UK Release Date: 22nd January 2016
Runtime: 112 minutes
Director: J Blakeson
Writer: Susannah Grant, Akiva Goldsman, Jeff Pinkner
Starring: Chloe Grace Moretz, Nick Robinson, Alex Roe, Maika Monroe, Liev Schreiber, Zackary Arthur, Tony Revolori
Synopsis: A young girl finds herself alone in the wilderness when an alien invasion separates her from her family.
Harry Potter ended long ago. So did Twilight. The curtain just fell on The Hunger Games. For the first time in more than a decade, there is no franchise sitting atop the young adult mountain. The latest pretender to the crown is The 5th Wave, which has been rather unceremoniously dumped into cinemas whilst everyone is looking at the Oscars contenders. It’s easy to see why.
Note: If you’re really sensitive to plot spoilers, perhaps give this review a miss.
Cassie (Chloe Grace Moretz) is a normal high-schooler, going to parties and crushing on classmate Ben (Nick Robinson), right up until a bizarre alien invasion changes her world. She is soon torn away from her family and is forced to survive alone, until she meets Evan (Alex Roe). Meanwhile, Ben finds himself under the command of Colonel Vosch (Liev Schreiber) as part of a child army taking on the aliens.
It would be easy to rip The 5th Wave apart as a lazy attempt to capitalise on the popularity of YA cinema. However, it’s not at all a bad film. It’s simply the slightly uncool kid who arrived a few years too late to the party and no one had told it that the dress code was a family-friendly 12A certificate. The 5th Wave is a slightly unusual film that never gets the chance for its intriguing parts to gel together into an impressive whole.
| “I didn’t know it then, but that was the last normal day of my life.”
At the centre of the action is Chloe Grace Moretz, in a role that probably seemed like her ticket to the big time when she signed on the dotted line. She certainly throws herself at it with enthusiasm, finding surprising depth in a character that is written in the most clichéd terms imaginable. There’s also no Katniss Everdeen to be found when Moretz’z character falls incompetently into the arms of Alex Roe’s dashing, but bland, outdoorsman.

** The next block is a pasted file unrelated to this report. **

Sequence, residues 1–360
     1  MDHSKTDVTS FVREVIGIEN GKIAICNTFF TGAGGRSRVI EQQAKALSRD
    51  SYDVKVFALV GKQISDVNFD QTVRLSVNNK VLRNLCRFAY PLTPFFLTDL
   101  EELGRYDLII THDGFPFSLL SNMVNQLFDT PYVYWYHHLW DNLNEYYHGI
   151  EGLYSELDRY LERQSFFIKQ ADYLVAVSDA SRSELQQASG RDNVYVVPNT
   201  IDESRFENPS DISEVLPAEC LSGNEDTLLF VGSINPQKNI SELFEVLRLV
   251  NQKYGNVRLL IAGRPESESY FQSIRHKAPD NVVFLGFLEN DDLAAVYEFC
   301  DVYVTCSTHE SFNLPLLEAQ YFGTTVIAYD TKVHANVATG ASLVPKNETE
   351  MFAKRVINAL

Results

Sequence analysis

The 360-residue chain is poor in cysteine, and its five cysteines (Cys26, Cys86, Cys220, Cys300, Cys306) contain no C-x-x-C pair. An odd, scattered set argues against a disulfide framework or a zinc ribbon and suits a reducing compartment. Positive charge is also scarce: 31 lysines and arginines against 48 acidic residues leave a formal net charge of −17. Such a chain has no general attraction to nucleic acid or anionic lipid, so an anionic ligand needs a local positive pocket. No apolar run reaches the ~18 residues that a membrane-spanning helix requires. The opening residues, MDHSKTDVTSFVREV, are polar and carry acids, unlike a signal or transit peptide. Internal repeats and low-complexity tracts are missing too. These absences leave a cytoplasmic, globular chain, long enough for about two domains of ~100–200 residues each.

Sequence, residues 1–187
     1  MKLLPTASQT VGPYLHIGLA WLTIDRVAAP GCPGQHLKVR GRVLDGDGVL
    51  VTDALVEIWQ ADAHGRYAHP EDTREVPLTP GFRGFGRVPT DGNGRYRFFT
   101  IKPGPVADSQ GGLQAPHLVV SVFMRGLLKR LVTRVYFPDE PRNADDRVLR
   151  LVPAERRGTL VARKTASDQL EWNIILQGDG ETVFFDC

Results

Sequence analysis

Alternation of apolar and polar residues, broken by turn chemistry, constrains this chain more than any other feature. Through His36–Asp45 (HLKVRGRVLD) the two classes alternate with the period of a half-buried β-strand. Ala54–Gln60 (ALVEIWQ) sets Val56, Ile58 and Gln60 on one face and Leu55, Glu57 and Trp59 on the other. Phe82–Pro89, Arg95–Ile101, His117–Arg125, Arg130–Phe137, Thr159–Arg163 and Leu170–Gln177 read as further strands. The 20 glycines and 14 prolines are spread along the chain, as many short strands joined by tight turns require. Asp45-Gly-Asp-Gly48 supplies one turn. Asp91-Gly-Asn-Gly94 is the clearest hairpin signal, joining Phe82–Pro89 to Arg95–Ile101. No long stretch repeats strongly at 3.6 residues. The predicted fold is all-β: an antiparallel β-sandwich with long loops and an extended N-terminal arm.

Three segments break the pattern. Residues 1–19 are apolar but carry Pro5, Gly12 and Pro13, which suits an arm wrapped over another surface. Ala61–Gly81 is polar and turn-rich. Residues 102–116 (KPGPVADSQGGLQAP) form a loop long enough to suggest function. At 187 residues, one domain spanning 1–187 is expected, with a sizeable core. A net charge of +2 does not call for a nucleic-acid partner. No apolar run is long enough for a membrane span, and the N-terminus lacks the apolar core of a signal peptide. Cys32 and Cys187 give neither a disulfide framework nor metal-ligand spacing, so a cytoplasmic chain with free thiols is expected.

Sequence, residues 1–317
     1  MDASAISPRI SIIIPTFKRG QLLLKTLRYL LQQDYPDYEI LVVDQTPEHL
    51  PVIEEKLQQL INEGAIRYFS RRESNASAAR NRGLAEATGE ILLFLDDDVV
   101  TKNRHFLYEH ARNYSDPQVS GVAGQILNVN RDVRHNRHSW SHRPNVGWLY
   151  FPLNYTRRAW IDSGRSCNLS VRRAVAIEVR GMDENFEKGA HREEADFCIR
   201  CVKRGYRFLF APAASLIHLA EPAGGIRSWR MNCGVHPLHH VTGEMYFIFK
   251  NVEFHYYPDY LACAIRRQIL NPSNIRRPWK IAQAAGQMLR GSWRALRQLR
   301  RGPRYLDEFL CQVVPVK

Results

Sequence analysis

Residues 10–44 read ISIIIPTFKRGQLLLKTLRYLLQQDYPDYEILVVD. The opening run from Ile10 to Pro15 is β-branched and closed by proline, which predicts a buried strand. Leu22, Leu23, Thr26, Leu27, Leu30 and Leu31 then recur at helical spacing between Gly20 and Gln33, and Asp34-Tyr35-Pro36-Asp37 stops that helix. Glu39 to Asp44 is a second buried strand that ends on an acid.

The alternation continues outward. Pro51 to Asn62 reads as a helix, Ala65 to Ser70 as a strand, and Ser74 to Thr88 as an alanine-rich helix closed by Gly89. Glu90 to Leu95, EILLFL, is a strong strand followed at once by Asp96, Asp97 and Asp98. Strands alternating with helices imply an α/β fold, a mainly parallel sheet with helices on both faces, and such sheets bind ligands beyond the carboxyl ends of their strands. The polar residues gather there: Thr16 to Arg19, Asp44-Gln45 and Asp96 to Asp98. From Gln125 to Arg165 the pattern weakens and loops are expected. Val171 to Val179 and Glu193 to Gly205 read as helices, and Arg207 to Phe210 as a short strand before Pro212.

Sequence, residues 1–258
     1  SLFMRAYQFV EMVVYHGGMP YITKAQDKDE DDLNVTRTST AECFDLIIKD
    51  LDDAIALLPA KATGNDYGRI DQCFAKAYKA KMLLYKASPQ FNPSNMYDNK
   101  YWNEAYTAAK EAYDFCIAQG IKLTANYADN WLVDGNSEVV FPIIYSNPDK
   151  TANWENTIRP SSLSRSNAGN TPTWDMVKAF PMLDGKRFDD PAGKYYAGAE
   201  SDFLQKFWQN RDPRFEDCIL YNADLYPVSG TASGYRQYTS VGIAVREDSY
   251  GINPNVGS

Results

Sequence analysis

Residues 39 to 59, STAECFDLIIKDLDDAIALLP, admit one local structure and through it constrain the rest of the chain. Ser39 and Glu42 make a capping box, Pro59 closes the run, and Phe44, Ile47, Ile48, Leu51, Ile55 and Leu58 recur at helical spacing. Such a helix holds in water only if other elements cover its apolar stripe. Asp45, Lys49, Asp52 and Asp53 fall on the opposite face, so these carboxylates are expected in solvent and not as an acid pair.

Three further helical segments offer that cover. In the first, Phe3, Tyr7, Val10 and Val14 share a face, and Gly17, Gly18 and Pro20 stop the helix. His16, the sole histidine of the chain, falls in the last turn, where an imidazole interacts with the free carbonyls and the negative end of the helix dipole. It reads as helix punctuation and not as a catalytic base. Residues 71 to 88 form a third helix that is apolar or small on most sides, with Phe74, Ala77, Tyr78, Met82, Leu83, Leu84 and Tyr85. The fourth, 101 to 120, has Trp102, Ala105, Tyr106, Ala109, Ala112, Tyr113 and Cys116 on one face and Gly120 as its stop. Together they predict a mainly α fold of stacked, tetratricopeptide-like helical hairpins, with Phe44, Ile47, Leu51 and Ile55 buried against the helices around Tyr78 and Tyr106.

Meanwhile, Nick Robinson, a far cry from his excellent work in the underseen The Kings of Summer, is saddled with a secondary plot in which everyone but the characters can see the big twist coming. Liev Schreiber’s sneering villainy isn’t even concealed – we’ve all seen enough young adult films to know that the one adult actor with a recognisable face is always a bad guy. Robinson does, however, get to share some spicy chemistry with It Follows star Maika Monroe, who is by far the best thing about The 5th Wave.
There’s a novel idea at the heart of The 5th Wave, but it all comes across as more than a little contrived. Plot turns are either utterly nonsensical or telegraphed way in advance. By the time all of the central characters converge in the third act of the movie, it’s all become just a little too convenient – from the bleak universe to the shoe-horned love triangle.
| “The Others took my brother and I’m gonna go get him.”
It would be wrong to dismiss The 5th Wave as a cheap cash-in because it’s a much more interesting movie than that, thanks largely to Moretz’s solid performance. The 15 rating and subdued release betrays a studio with absolutely no confidence in the product. Even they could tell that they’d missed the boat.
Pop or Poop?
Chloe Moretz doesn’t quite find her Katniss in The 5th Wave, which is a fairly contrived and poorly written addition to the rapidly expanding young adult canon. The twist is obvious from a mile away and the plotting is wafer-thin, but there’s something to it at its heart that, five years ago, might have been enough.
Do you agree with my review? Let me know in the comments section.